If you came across one of these, especially one on a horse, you wouldn't notice how his head doesn't look right until you met him in the bar and he pours a beer into his chesthair.

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    $\begingroup$ I love this answer because I keep imagining the reaction of the Rok when the head of the dullahan suddenly disappears :D $\endgroup$ – Renan Jan 4 '18 at 17:07
  • $\begingroup$ I can see an issue with eyes safely hidden in the chest cavity. They're not of much use there. $\endgroup$ – John Dvorak Jan 4 '18 at 19:28
  • $\begingroup$ @JohnDvorak I agree that is not optimal, but unless the dullahan absolutely has to wear clothing or something that blocks the eyes, that can be worked around. $\endgroup$ – Renan Jan 4 '18 at 20:28
  • $\begingroup$ So, you want to put eyes on the chest? That would look weird, but at least it provides sight. $\endgroup$ – John Dvorak Jan 4 '18 at 20:43
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    $\begingroup$ That's a funny illustration. You could add that link to your post by editing it. Comments can be deleted at any point and for any reason - answer content is far more persistent. $\endgroup$ – Secespitus Jan 8 '18 at 12:57
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The Dullahan is just a variation on the super-slug trope...

  • In super-slug apocalypse stories, an alien organism (or escaped bio-weapon) with a body like a large slug, lives on or inside a human body with tendrils linking its brain to the nervous system and muscles of its host. The slug enslaves the body while multiplying inside, then spawns its children to infest other humans. Some variations on the super-slug trope leave the host indistinguishable from their previous uninfested selves (The Puppet Masters) while most reduce the host to a zombie like creature (Night of the Creeps & Slither).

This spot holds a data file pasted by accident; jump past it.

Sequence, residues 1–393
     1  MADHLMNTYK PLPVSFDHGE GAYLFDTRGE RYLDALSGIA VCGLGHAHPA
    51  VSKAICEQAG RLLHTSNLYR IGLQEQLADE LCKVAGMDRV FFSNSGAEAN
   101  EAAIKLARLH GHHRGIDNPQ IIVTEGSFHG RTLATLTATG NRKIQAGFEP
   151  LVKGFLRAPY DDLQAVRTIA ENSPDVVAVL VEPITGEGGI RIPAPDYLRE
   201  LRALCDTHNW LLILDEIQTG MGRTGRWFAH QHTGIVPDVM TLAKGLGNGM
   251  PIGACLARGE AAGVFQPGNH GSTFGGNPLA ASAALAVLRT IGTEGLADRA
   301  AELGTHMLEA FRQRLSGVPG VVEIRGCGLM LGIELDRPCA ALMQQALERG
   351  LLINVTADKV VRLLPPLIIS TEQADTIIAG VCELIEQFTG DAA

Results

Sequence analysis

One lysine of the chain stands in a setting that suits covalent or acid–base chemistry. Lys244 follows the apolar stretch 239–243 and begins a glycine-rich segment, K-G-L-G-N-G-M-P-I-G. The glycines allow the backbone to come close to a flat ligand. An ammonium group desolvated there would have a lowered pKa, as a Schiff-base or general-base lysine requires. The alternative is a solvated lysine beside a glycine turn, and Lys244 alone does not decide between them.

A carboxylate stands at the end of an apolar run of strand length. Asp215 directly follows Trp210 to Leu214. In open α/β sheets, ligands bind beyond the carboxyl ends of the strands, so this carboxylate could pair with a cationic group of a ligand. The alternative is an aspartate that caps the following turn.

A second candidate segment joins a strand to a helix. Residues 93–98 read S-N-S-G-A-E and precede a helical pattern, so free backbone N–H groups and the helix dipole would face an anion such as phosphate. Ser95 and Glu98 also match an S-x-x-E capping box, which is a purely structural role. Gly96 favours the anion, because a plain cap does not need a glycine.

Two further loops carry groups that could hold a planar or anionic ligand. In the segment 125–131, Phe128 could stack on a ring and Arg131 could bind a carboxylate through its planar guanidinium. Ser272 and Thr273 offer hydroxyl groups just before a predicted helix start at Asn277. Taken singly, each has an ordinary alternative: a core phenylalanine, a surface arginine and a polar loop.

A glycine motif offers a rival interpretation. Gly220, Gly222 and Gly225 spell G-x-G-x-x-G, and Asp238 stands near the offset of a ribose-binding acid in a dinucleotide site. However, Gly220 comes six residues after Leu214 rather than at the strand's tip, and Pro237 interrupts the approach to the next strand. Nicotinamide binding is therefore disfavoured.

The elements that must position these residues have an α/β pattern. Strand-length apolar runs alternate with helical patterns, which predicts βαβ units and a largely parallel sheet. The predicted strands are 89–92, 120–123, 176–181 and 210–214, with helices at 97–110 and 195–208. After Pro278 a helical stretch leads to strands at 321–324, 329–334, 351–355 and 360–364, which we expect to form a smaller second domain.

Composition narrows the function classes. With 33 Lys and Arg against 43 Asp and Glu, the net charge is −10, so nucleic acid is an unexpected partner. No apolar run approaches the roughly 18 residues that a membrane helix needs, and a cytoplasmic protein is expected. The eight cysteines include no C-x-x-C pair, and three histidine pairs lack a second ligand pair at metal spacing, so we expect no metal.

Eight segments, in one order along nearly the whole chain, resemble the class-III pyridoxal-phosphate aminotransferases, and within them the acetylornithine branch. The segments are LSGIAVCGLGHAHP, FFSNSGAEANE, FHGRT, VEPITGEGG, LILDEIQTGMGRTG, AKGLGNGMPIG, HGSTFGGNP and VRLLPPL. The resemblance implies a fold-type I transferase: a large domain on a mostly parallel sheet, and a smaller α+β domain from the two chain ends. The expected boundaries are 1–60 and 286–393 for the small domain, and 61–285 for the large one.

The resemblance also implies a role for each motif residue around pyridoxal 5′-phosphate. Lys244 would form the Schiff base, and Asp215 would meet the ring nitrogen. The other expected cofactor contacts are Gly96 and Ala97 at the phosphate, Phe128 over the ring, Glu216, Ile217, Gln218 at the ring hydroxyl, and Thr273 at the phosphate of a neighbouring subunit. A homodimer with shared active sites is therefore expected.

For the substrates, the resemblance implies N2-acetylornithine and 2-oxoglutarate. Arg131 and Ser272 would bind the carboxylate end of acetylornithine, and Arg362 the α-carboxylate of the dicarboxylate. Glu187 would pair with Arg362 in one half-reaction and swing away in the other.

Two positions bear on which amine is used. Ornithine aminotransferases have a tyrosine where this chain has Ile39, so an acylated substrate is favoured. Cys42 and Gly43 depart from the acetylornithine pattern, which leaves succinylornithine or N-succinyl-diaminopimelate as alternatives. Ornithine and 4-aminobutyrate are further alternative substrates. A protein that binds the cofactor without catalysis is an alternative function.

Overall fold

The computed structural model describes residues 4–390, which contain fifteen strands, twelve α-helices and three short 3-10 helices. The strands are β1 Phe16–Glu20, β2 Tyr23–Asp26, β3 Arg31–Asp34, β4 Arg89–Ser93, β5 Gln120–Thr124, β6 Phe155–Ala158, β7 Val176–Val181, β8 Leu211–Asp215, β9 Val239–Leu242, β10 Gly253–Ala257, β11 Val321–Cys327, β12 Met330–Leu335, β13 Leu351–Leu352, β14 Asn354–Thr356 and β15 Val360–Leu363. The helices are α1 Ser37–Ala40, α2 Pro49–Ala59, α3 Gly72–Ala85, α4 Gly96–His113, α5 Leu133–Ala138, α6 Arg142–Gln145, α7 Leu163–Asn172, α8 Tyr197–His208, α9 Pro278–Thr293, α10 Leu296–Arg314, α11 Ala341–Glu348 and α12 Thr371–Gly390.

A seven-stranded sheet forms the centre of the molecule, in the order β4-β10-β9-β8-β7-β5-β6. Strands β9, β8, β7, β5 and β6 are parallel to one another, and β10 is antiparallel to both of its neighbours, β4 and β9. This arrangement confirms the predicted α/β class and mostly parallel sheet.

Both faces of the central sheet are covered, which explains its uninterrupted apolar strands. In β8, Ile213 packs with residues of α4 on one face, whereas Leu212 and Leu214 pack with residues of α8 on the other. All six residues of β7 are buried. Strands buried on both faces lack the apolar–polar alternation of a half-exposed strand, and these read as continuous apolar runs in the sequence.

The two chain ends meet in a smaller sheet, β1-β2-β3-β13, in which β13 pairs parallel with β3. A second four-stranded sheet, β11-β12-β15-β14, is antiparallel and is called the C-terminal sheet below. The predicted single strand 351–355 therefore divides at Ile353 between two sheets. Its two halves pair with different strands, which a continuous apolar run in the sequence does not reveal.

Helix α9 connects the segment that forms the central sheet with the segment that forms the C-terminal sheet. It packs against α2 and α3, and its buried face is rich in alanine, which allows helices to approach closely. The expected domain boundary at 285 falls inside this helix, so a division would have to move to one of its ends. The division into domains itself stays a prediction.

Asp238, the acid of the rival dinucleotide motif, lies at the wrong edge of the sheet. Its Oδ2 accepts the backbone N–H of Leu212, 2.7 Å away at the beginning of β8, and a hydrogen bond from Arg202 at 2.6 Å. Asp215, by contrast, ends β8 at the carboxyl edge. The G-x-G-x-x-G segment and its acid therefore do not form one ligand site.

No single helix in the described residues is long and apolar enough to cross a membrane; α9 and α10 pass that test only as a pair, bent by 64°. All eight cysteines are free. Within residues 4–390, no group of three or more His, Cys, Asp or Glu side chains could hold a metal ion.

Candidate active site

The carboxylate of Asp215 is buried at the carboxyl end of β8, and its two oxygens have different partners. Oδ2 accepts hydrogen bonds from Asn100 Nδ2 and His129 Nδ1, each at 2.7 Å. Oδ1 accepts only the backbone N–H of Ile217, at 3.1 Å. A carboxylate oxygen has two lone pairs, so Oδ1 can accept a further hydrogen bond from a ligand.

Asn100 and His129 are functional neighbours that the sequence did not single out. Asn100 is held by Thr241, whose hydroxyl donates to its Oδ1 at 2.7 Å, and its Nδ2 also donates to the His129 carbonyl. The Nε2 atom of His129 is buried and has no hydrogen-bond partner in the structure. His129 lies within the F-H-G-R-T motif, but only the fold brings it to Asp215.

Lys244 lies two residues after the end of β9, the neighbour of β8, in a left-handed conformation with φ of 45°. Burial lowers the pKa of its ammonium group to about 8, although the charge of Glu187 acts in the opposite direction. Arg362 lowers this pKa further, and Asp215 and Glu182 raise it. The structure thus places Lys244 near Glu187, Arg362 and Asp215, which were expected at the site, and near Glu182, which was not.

The Dullahan is simply a single host containing a mated pair of slugs. The female lives in the head and makes all decisions when attached. The male lives in the body and is in-charge when the head is detached. Some female slugs possess such a strong psychic link with their mates that they remain in-charge of the body even when the head is detached.

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As the dullahan is derived from Irish mythology, I like the idea of representing biological feasibility through something like plants, or other flora, because when I think of some of the other mythologies from that region, it seems steeped in the wetlands.

Something like this comes to mind: http://www.bbc.com/earth/story/20141111-plants-have-a-hidden-internet

Perhaps a dullahan would be a corpse controlled by a more sentient flora that have taken the corpse up as a host. The parasitic organism could establish a network through the corpse, and have the capacity to operate independently when severed, and additionally have the capacity to re-graft itself to the core of its network (the body). This would enable the Dullahan to optionally use the host's head to access its memories, its ability to speak, and see.